Another thing about the calories is that they are not all created equal. There is a huge difference between eating 1000 calories from McDonalds and 1000 calories from fruit and veg, and I will discuss this in detail in the next post, but for now forget the number 1200 and focus on what’s coming next.
And one last thing before we go: there are 2 ways to lose weight – diet and exercise. But both ways are quite limited in their abilities to sustain your weight loss, and sooner or later you will hit a plateau, so to achieve the best results you really need to complement one withthe other. Losing weight through diet only is not the smart way to lose weight. It’s not only the pounds on your scales that matter. A body to be healthy requires healthy and toned muscles. Muscles are the key to life, they make the movement possible, they let us use the body the way we want. If you don’t train your muscles they get atrophied – weak, or wasted. This will not only give you an unhealthy thin look, it will also put a strain on your joints, increasing the risk of injuries, especially the knees. So to lose weight successfully, you do need both diet and exercise. Today we will talk about diet.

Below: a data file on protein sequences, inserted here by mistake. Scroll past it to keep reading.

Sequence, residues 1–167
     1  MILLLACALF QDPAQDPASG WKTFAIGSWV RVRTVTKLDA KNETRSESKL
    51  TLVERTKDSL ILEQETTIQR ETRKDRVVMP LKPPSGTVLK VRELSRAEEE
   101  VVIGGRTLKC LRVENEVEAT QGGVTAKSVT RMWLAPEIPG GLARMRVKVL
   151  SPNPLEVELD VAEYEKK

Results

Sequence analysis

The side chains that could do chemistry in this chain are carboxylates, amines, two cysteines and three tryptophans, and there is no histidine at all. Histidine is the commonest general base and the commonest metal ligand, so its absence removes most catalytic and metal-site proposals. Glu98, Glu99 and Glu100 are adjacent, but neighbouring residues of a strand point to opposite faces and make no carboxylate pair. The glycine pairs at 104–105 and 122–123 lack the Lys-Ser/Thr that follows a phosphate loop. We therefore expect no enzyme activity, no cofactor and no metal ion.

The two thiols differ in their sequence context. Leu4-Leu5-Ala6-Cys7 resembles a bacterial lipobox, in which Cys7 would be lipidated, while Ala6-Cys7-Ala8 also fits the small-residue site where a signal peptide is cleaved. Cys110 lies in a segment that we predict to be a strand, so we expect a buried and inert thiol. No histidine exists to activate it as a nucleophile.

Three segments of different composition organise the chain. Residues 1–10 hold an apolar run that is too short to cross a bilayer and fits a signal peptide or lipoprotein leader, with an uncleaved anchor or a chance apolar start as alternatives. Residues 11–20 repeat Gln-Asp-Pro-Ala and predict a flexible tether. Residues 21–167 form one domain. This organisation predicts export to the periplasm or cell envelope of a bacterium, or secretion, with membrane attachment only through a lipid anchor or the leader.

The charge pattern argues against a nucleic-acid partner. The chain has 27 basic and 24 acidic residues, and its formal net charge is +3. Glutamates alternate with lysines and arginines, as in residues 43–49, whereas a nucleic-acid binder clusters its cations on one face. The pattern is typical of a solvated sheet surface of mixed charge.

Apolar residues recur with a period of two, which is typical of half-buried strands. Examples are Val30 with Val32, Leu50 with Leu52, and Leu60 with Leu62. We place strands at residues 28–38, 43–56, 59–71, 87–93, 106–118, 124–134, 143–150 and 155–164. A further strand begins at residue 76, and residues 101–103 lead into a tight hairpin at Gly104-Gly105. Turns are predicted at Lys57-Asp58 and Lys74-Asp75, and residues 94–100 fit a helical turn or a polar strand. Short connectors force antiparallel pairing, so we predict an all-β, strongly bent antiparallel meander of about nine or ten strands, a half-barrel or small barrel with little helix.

The Rule No. 1 of the Smart Weight Loss:
- Eat well and regularly.
You might say it is easier said than done, but that’s not true. Eating right is not difficult when you have a plan and know exactly what to do.
- Ideally, you should eat about 5-6 meals a day: 3 main meals + 2-3 snacks.
This is a common problem for working people and students, because they don’t have enough time to space their meals correctly, but it also happens in those who stay at home. Many people tend to skip breakfast, either because they are not hungry (after a late night meal), or because they don’t have time. But breakfast is the most important meal of the day. It has to be quite rich in calories and nutrients to keep you full till lunch or at least a mid-morning snack. According to several studies, those who eat breakfast regularly tend to lose weight better and faster and also make better food choices and eat less throughout the day.
It is important to pay attention to what you eat for breakfast. A toast or a scone with butter and jam is NOT a good breakfast choice. It could be anything but toast. Porridge – oat, millet, buckwheat – you name it, eggs – scrambled, boiled, poached; wholemeal bread, rice cakes, whole wheat minimally processed crackers, fruit and vegetables – better in combination to get all the macronutrients, carbohydrates, proteins and fat, and the micronutrients as well – vitamins and minerals. Add nuts and seeds to your porridge to get some extra protein and fat if you’re not a fan of eggs.